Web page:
There’s also a tiny chance that your LG TV is buffering mid-stream due to problems with your streaming platform. Their servers might be malfunctioning or down, making it impossible to access their content. Fortunately, this issue is both easy to identify and settle.

If your TV buffers during a stream, swap streaming apps to check if the problem persists. YouTube would work too, in case you have no other streaming apps installed.

If the buffering continues, it means that the problem is with your Wi-fi network. If it stops being a problem, you’d be able to confirm that it’s the service itself with issues.

You could check for updates on your service provider’s social media. Running it through the downdetector website is also another option. Unfortunately, there’s not much you can do if the problem is on their end – feel free to pass some time until they finally announce a fix.

Problems with your LG TV Software

While most of these cases are due to network connectivity failures, there’s a chance that your LG TV won’t stop buffering streams because its software can’t run properly. There are a few steps you can take to settle this issue – try to go through them in the order provided.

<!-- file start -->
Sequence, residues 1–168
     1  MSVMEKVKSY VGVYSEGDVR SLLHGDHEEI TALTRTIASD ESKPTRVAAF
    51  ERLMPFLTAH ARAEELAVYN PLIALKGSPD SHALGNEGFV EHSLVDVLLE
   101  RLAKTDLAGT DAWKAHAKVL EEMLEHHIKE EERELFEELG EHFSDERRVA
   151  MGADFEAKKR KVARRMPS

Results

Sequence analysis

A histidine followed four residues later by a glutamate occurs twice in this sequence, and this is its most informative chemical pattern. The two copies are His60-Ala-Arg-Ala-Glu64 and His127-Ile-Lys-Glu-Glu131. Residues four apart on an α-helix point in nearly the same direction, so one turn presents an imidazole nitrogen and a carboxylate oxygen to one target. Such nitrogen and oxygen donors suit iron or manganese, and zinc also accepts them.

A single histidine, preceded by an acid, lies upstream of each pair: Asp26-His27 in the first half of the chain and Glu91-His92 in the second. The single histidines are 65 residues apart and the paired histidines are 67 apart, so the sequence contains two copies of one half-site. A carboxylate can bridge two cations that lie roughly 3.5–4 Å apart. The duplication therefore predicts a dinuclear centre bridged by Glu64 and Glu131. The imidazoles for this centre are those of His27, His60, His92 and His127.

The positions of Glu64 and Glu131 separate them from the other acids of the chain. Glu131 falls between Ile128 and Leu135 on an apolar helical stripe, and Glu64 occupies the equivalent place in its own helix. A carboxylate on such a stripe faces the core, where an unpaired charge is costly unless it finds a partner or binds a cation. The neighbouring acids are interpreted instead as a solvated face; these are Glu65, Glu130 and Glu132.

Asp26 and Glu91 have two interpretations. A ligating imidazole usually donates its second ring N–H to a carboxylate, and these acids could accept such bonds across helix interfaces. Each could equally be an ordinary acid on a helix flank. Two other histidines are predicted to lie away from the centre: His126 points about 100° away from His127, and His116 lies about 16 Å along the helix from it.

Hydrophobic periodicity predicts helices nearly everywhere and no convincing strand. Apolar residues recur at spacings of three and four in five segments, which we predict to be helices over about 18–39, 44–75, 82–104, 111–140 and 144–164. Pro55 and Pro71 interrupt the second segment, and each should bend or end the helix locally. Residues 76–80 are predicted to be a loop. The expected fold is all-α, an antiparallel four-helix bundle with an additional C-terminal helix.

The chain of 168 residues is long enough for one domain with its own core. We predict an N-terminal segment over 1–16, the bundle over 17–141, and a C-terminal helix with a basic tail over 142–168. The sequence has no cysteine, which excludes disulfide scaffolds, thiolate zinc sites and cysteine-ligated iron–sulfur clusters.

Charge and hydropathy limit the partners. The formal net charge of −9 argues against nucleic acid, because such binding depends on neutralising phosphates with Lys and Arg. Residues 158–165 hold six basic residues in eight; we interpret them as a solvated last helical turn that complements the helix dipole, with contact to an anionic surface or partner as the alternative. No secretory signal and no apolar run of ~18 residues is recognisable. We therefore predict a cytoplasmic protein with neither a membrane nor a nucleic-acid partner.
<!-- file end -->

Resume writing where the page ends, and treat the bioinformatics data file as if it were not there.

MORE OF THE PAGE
Power Cycle

Cold booting your LG TV might deal with the problem, as this method clears all running processes and corrupted data. You can do this quite simply – unplug your LG TV, wait for ten seconds, then plug it back in! If all goes well, your LG TV’s performance should improve drastically.

Update Firmware

If that doesn’t work, try to check your LG TV for software updates. Outdated software could pose problems for your device, especially when you’re using streaming apps. LG TVs are set to update by default, but if you want to be certain follow these steps to check.

LG Smart TV: How to Update System/Firmware Software Version

  1. Open “Settings”, then scroll down to “All Settings”.
  2. Scroll down to “General”, then to “About This TV”.
  3. Click “Check For Updates”.
  4. Optional: Toggle “Allow Automatic Updates”.
  5. If a new update is available, a notification will pop up on-screen. Select “Yes”.

Clear App Cache

Lastly, you could also try to clear your specific streaming platform’s app cache.

An app cache is different from your TV or router’s cache, as it isn’t cleared upon device reboot. You’d need to go out of your way to purge this data store every so often, as it will bloat with unneeded data over time and hamper your LG TV’s streaming performance.

LG Smart TV Error Out Of Memory - Fix It Today

  1. Navigate to “Settings”, then move to “System Settings”.
  2. Launch “Application Manager”, which displays all your apps.
  3. Select the App you need cleared (Peacock).
  4. Simply Select “Clear Cache” and wait until completion.